Your browser is out-of-date!

Update your browser to view this website correctly. Update my browser now


Pro AV Watch List pick Sean Wargo on developments in AV

Senior director at AVIXA, talks industry changes and personal development

How did you first get involved in the AV marketplace?

I’ve had a love of AV and in audio in particular from a young age that started when I assisted my Dad with amateur recordings of local performances in the DFW area. I helped him set up the microphone arrays and monitor the recording levels on his DAT recorder. He was also an audiophile and so heavily influenced me towards high end components early on. This translated into a few home theatre install projects of my own over the years along with being tech support and buyer consultant for my extended family. Career wise I was always involved in the industry as a researcher though, studying the way in which technology impacts our lives and the opportunities this creates. This goes back to my first jobs out of college doing custom research in the IT/VAR space, then into my role as Director of Industry Analysis at the Consumer Technology Association, and finally here at AVIXA as Sr. Director of Market Intelligence (with a few other stops along the path).

What would you say are the most significant changes / developments in the industry during your time?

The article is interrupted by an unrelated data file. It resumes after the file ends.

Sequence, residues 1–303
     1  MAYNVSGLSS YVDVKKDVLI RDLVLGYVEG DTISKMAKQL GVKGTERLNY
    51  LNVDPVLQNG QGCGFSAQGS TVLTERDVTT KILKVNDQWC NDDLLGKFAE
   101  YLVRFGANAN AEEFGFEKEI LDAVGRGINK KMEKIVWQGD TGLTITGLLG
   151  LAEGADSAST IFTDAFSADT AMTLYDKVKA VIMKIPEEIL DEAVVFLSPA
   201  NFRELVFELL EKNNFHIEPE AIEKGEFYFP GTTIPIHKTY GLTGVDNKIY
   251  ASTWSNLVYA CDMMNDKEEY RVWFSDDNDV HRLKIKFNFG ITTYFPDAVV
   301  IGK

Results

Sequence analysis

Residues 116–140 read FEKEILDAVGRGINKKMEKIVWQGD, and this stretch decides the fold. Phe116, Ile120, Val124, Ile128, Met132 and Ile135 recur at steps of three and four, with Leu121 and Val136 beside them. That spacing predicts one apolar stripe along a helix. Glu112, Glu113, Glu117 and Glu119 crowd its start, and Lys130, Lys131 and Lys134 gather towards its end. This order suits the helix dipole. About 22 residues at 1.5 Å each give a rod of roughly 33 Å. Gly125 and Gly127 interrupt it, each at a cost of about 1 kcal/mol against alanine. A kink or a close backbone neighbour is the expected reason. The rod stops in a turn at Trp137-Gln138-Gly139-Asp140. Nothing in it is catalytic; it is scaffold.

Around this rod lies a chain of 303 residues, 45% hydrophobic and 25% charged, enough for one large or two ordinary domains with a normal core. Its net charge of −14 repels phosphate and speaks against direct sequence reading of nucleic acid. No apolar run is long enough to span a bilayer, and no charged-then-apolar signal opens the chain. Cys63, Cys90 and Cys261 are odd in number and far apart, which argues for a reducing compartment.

I’d have to go with the progressive digitisation of content, whether video or audio, to where we can carry whole libraries with us and stream it out all across the world. To our industry this means AV over IP, but it’s really about packetising or compressing at its core. This is huge since content can follow us in so many ways now, creating the opportunity for personalisation of experiences as well as time and place independence. There is some loss to this, since we seem to carry less about the quality of the content and more about the portability, but the gains are substantial. This includes the story of record, to tape, to CD, to DVD, to MP3, and now streaming with similar on the video side. Just an amazing progression.

What personal, professional achievements are you most proud of?

I am the most fond of those moments in which some research we’ve done and shared out with the market sparks some idea or creative approach to a business problem. This is what it’s all about for me – a process of learning and discovery that yields something new. It is a tremendous motivation for me in the research work we do and is why I love the whole process from formulation of idea, to data collection and analysis, and then sharing through presentation and discussion. I also love seeing others I’ve mentored on that discovery process grow and contribute in the same way.

Do you have a philosophy you live by professionally? And if so, how has it helped your career and those you have worked with?